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Can an employer petition for a foreign national to work for the company in the United States?

The simple answer is yes.

My next question to the prospective employer is:
Do you want your employee on a permanent basis or on a non-permanent basis?
(i.e., probationary period for the employee)

Generally speaking employers will consider employing foreign nationals either through an immigrant or non-immigrant visa.  Often times an employer will choose to begin with a non-immigrant visa because the visas can be issued faster, the employee is tied to the employer, and it give the employer time to evaluate the employee (a probationary period) since the visas are generally granted for only 3 years at a time (renewable for up to 7 years).

The immigrant visa, in comparison, can take over a year to be issued (depending on classification), but once it is granted it is permanent and the employee can then become eligible for U.S. Citizenship.

Typical non-immigrant visas include:

Visas:

  • H1-B
    • This visa is designed for employers seeking employees for “Specialty Occupations” such as computer programmers, accountants, engineers, etc.
    • Generally requires a baccalaureate degree or its foreign equivalent; or a master degree from a U.S. University for preferential treatment.
    • Requires a job offer
    • Requires a Labor Condition Application from Department of Labor
    • Requires compliance with Prevailing Wage Rate
    • Subject to visa cap (i.e., there are a specific number of visa available, excepting non-profit businesses and certain professions).
    • Eligible for premium processing
  • H2-A
    • This category is reserved for workers coming to the United States to engage in temporary agricultural labor.
  • H2-B
    • This category is reserved for workers coming to the United States to engage in temporary non-agricultural labor.

L Visas:

This visa is designed for manager, executive, or employees with “specialized knowledge” who are employed by a foreign business entity.  The basic requirements for an L visa are as follows:

  • You have been working for a company outside of the United States for at least one of the last 3 years
  • The company in the U.S. or the company to be established in the U.S. is a subsidiary or related to the foreign company.
  • The foreign company will continue to exist even though the U.S. branch of the company is in operation.
  • If you are coming to the U.S. to open a new branch of the foreign company, it should be up and running either before your come or within one year your arrival.

The L visa recipient can bring his/her spouse and children. The spouse of the L visa recipient can receive an employment authorization.

E Visas:

  • E-2:  This visa is designed for those desiring to invest in an existing U.S. business or create a U.S. based business.
    • You must be a national of a country where a qualifying Treaty of Friendship, Commerce or a similar treaty exists with the United States.
    • You have already or are in the process of investing a "substantial amount" of capital in a real or bona fide U.S. business.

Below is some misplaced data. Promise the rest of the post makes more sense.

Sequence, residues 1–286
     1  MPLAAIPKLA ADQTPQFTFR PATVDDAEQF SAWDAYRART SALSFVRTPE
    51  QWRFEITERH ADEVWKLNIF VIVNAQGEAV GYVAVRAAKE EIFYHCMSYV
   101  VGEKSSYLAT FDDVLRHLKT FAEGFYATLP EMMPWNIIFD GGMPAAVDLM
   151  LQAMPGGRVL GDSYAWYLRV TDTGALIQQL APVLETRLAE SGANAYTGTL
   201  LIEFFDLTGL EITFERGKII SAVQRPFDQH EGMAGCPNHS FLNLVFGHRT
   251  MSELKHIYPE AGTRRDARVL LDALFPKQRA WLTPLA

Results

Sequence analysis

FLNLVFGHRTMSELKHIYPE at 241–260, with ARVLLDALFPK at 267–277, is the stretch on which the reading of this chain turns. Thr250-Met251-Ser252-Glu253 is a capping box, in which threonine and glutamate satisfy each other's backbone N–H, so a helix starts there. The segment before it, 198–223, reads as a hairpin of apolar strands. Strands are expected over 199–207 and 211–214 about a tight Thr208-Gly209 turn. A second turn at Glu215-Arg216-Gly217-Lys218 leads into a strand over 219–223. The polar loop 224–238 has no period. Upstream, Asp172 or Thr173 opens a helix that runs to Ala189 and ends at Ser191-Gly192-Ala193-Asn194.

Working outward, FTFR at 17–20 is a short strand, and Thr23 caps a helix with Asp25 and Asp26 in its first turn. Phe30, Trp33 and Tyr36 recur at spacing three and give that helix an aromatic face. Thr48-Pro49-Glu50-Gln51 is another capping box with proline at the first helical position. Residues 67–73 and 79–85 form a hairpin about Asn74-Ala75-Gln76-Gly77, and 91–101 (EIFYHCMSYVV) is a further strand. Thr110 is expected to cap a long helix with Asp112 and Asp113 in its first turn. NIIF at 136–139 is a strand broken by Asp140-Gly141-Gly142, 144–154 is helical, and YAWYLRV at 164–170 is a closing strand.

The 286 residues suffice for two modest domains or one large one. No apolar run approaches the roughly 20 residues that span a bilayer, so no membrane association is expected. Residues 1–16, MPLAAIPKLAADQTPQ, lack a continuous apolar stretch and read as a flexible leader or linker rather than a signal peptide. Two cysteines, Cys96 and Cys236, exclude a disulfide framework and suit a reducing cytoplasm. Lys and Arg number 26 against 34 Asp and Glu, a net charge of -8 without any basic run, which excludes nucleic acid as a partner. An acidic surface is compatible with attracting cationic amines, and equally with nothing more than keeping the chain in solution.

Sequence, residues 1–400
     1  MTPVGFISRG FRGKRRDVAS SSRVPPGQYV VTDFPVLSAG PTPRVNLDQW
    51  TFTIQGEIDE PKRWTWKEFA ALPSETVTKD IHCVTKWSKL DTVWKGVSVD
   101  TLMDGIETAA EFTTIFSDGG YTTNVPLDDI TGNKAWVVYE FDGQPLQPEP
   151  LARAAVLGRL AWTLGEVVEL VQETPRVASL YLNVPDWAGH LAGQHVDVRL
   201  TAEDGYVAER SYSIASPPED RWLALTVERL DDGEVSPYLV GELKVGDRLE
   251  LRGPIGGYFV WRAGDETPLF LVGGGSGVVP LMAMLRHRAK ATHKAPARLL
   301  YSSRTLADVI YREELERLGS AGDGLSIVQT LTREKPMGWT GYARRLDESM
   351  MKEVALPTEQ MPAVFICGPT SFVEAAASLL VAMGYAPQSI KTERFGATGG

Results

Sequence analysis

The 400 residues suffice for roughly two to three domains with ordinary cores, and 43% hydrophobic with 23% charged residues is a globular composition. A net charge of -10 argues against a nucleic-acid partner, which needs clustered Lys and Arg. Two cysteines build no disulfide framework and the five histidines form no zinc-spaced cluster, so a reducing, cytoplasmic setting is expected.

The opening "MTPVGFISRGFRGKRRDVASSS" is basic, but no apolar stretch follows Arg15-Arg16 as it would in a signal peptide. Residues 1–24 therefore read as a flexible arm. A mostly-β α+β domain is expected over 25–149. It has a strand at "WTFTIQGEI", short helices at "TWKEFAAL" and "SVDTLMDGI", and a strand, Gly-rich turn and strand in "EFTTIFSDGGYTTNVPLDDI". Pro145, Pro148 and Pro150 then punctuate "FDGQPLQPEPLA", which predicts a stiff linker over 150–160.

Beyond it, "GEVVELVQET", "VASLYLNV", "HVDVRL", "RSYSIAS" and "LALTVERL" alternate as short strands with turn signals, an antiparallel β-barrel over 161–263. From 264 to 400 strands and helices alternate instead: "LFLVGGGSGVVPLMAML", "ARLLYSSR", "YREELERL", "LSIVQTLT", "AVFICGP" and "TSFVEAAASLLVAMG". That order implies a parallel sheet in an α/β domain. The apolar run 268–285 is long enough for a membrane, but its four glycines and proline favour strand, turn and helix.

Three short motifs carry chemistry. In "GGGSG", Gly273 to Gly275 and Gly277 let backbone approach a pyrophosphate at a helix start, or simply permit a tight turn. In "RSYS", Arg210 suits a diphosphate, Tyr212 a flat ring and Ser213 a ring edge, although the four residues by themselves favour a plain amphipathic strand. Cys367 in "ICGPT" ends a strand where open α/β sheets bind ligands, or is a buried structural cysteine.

• Your capital must be placed “at risk” meaning that in the even the investment sours, there are no guarantees of recouping your investment.
    • To be a bona fide business generally means the business is real and active or that the efforts to create the business are real and active.
    • You must be able to show that the business can or is generating enough income to support you and your family.
    • Finally, you must be able to show that you possess the funds to invest or proof that you have already made the investment.  If you have not invested the funds yet, you must be able to provide evidence of the source of your capital.
    • You must be able to show that you have a controlling interest in the business.  You must show you own at least 50% of the business or that you are a manager of the business.

Typical immigrant visas include:

  • EB1 (Employment Based Category 1):  This category of visa is reserved for immigrants who possess extraordinary ability in science, arts, education, business, or athletics
    • This category of visa does not require a labor certification
    • This visa does not require an employer
  • EB2:  This category of visa is reserved for immigrants who possess advance degrees or immigrants with exceptional abilities.
    • This category does require a labor certification unless US-CIS waives this requirement due to national interest.
    • This visa does require an employer unless US-CIS waivers this requirement due to national interest.
  • EB3: This category of visa is reserved for immigrants who hold at least a baccalaureate degree or its foreign equivalent; Or skilled or unskilled workers.
    • This category does require a labor certification
    • This category does require a job offer
  • EB-5: This category of visa is reserved for those immigrants who, through investment, create jobs for American workers.
    • It requires investment in a new commercial enterprise
    • It requires an investment of between $1 million or $500,000 depending on investment.
    • It must result in job creation.